To encourage cell turnover and the production of new collagen, there are a few over-the-counter treatments which have been clinically proven to work. If you're interested in a DIY approach, I would recommend products containing topical retinoids, peptides or alpha hydroxy acids. Other options include products containing Vitamin E, Vitamin C and hyaluronic acid.
For the best results however, I would recommend a professional approach: The best current treatments for crepey skin include fractional laser treatments (Fraxel) and ultrasound treatments (Ulthera). If you're interested in a professional solution to your crepey skin, I encourage you to contact a board certified dermatologist for a personal consultation.
Crepe skin becomes an issue for many individuals as they move into middle-age. Unfortunately, sun damage causes crepey skin. The sun’s UV rays damage the skin's elasticity, causing it to appear looser, thinner and more wrinkled.
Aging also causes crepe-ing of the skin: as you age, collagen and elastin production start to slow down. Collagen and elastin are natural proteins created by the body that support the skin, allowing it to stretch and contract. Another contributing factor to crepe skin is that it’s oil production decreases with age. Oil provides a lipid barrier sealing moisture in the skin. Reduced oil production and compromised elastin and collagen production results in less robust, more papery-looking dry skin.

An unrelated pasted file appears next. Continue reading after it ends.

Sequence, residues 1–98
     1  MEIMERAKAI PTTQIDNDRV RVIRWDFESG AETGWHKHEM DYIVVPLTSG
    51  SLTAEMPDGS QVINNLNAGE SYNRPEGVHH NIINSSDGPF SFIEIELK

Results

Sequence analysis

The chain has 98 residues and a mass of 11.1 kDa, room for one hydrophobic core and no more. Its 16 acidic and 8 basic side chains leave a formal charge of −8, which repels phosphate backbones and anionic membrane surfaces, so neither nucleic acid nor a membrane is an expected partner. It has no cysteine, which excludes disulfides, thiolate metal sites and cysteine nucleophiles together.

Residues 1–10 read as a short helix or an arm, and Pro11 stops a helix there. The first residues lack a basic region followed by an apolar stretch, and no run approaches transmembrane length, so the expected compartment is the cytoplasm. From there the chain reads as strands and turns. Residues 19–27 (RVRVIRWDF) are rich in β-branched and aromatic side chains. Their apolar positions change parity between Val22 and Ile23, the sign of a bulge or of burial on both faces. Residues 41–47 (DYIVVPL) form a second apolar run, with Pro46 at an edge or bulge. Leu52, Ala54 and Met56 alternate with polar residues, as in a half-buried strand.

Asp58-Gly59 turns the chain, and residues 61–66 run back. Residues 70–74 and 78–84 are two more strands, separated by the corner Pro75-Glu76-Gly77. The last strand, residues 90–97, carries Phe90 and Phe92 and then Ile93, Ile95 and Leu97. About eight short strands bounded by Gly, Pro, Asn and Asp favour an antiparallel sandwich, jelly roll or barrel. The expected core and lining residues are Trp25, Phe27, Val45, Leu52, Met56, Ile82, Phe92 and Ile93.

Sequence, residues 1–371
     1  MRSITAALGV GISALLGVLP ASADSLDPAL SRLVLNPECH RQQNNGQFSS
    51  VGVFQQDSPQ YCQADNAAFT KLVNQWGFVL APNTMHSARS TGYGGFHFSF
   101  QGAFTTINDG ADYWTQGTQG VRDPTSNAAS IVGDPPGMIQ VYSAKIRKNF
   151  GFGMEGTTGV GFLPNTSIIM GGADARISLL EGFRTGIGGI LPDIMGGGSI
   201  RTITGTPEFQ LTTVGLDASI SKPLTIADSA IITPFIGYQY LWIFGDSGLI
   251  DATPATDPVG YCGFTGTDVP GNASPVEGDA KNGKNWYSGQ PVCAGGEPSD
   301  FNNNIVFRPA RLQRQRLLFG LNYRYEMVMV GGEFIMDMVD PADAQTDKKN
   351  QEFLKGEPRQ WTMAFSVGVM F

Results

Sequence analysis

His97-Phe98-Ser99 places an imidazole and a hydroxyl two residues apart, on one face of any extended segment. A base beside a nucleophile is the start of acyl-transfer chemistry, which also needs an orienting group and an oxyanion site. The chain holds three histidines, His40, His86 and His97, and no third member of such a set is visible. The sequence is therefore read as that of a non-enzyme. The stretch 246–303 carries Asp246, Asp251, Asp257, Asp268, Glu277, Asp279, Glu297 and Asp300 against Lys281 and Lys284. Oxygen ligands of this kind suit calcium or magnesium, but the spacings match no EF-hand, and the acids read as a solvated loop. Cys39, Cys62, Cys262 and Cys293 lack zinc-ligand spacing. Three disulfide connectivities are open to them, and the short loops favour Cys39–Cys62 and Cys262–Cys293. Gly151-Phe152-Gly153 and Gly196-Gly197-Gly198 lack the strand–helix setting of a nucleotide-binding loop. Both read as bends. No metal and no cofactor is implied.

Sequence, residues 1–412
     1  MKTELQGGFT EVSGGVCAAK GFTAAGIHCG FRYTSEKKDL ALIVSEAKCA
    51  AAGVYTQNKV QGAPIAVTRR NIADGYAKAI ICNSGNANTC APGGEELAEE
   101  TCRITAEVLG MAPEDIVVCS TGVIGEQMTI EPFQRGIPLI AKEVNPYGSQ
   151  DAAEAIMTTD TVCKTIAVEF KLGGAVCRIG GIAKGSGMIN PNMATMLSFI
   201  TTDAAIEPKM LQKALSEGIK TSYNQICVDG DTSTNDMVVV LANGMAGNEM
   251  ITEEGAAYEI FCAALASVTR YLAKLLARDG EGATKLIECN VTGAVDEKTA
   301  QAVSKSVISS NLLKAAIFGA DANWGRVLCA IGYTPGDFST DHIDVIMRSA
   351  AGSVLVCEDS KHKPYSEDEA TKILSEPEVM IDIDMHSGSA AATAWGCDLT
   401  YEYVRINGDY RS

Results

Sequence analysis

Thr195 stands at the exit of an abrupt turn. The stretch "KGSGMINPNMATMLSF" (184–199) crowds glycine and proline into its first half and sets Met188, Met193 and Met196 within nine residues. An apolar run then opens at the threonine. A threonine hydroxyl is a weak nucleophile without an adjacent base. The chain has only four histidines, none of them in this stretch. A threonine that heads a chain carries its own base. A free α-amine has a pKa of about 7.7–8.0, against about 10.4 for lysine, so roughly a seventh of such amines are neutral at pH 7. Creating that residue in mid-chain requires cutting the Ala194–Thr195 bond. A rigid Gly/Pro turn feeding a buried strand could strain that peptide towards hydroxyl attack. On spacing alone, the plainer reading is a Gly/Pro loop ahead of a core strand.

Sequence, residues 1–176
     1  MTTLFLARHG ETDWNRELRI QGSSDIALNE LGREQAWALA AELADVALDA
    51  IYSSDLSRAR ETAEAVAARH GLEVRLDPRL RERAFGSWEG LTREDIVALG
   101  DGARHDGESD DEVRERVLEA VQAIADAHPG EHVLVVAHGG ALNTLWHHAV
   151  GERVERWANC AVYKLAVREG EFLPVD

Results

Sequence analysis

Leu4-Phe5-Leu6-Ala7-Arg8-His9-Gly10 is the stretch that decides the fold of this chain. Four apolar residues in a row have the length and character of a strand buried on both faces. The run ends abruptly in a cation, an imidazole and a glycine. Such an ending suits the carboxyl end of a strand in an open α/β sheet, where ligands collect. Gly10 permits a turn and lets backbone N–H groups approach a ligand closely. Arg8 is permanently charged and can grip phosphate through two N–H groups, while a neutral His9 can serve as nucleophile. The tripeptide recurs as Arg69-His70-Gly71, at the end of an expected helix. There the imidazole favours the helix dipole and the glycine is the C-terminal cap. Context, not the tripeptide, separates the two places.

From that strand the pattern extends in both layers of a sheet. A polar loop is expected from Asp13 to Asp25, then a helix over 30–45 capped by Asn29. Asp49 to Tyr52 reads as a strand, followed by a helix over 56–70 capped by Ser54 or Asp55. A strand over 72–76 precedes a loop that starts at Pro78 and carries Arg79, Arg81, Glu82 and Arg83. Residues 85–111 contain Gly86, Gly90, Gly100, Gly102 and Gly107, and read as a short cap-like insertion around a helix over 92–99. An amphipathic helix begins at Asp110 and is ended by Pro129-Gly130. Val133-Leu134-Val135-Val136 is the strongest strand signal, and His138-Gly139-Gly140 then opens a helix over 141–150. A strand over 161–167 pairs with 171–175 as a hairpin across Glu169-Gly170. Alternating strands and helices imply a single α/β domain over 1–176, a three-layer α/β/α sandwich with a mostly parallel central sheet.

Topical creams for crepe skin have limited efficacy because the cause of crepe skin extends beyond the surface layer of epidermis and into the lower layers where collagen and elastin are produced. Some patients experience a slight improvement with tretinoin cream, a derivative of vitamin A, or creams containing stabilized vitamin C, which is high in natural antioxidants. A board-certified dermatologist can provide you with a treatment that will be most beneficial to your skin.
Radiofrequency skin tightening treatments such as Thermage have shown some promise in improving the appearance of mild to moderate papery skin. Radiofrequency uses radio waves to generate heat and penetrate deep into the skin, stimulating collagen fibers. The underlying tissue structure of the skin is improved, providing a tightened appearance. However, results vary among patients: radiofrequency is generally recognized to work better on skin that is not attached to muscles, such as facial skin.
Another more permanent but invasive option you may wish to consider is a thigh and arm lift. These procedures excise loose, stretched skin, leaving scars in places that are minimally conspicuous. Following a thigh or arm lift, you will have younger-looking skin, with diminished wrinkles and laxity.